On June 17, Detective Daniel Flynn, the officer in charge of the investigation, visited Hobson and presented him with a photo array. The array contained twenty photographs, including photographs of all three men eventually accused of the murder. Hobson selected the petitioner's photograph from the array, identifying him as the shooter. Flynn testified that Hobson acted "without hesitation."
Later that month, the police showed Hobson another photo array. Once more, Hobson selected the petitioner's photograph from the array and identified him as the shooter.
At trial, Hobson did not make a live in-court identification but confirmed that the petitioner was the person he had identified from the photo arrays. On cross-examination, he acknowledged that he had not seen the shooter head-on but had "seen the whole like side of his face." He also admitted that he had based his selections from the photo arrays in part on the fact that the man he remembered had a "tail" (and the petitioner was the only person with a "tail" whose picture was displayed). When pressed by defense counsel to gauge his confidence in the identification, Hobson stated that he was "eighty percent sure."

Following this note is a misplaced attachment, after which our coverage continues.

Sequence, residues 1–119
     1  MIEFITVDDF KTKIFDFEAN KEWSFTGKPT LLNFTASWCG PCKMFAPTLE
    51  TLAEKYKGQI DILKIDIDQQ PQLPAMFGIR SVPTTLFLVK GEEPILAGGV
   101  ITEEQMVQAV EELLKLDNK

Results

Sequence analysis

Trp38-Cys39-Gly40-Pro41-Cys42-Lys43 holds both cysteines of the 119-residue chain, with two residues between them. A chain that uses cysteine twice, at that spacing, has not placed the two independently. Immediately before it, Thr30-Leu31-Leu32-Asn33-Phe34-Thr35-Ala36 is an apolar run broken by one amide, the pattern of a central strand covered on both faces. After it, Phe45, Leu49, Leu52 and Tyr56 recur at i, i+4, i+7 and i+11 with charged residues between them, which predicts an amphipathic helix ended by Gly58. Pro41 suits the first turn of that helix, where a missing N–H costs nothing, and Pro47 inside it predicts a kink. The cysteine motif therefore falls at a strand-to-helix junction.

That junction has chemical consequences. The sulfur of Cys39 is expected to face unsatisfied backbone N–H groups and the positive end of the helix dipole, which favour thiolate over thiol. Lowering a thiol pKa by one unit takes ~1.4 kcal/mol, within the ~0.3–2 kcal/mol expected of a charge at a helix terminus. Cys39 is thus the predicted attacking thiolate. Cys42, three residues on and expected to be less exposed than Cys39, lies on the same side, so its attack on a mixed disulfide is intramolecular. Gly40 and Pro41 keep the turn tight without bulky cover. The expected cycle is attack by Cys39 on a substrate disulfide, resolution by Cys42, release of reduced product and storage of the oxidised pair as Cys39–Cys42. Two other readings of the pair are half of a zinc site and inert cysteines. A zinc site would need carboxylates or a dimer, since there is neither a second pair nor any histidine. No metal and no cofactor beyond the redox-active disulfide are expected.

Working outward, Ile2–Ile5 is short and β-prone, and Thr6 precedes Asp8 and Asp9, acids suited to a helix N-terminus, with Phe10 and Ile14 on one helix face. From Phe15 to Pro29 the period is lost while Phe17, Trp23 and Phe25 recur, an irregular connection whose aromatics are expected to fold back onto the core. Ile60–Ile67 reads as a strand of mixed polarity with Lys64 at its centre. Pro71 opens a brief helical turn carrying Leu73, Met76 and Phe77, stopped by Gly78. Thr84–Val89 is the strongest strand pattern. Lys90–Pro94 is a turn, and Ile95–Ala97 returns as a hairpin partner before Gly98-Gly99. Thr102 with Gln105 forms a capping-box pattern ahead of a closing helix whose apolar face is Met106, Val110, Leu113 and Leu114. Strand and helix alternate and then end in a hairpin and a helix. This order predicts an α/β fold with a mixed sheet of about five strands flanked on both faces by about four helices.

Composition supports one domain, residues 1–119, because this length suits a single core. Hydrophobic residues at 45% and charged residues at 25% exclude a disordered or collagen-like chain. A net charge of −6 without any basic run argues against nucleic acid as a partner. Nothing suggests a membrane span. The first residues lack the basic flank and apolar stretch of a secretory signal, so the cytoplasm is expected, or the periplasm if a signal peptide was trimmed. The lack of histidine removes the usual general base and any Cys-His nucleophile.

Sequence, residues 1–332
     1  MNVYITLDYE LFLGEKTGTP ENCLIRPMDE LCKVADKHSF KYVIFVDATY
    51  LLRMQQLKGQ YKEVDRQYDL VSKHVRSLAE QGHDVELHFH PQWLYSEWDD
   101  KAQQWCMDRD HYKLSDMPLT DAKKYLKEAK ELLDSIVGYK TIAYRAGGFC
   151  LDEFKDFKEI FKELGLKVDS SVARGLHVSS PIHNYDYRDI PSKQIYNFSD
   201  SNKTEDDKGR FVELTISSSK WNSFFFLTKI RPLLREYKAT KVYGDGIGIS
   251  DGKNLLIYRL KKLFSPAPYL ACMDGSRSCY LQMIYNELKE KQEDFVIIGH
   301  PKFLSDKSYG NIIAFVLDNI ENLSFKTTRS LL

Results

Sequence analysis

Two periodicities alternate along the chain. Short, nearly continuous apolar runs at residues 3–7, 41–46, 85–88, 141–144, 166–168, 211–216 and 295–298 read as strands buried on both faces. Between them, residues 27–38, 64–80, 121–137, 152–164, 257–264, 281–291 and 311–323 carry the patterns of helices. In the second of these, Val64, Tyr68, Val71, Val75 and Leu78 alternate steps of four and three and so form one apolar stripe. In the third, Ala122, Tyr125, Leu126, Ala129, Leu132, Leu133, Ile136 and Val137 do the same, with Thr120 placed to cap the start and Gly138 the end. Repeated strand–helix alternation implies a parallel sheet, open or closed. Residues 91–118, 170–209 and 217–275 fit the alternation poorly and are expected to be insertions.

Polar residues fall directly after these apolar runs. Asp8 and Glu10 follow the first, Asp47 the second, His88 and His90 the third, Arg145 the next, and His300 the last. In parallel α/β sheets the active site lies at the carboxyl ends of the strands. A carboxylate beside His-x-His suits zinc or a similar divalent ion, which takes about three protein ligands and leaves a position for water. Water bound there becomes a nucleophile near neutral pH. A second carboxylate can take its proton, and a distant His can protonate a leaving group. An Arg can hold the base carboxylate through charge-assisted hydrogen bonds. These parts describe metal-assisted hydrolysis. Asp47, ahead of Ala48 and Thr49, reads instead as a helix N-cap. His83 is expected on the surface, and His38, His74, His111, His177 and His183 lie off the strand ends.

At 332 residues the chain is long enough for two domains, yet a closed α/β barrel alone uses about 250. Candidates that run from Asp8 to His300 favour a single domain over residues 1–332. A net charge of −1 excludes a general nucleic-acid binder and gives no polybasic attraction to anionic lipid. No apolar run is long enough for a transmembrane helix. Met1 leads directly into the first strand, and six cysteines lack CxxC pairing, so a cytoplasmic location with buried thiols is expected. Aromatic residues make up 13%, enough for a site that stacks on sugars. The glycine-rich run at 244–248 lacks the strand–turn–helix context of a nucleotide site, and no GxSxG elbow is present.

Anthony McAfee, who was strolling along with Hobson immediately before the shooting, testified that he first observed a man running from the house, yelling "[t]hose people are crazy." Then, McLean scampered from the building. Two other men followed. One of that pair got into a car parked at the curb on Brookford Street and passed a black object to the other man. The latter proceeded to fire five or six shots at McLean. When Flynn presented McAfee with the same photo array that he initially had presented to Hobson, McAfee identified Logan as the man who handed over the black object. McAfee could not identify the shooter.
The petitioner had filed a pretrial motion to sever his trial from that of his co-defendants. He premised that motion on the potential prejudice inherent in a statement made by Logan to the police. The motion was unsuccessful, and the statement was prominently featured at the joint trial.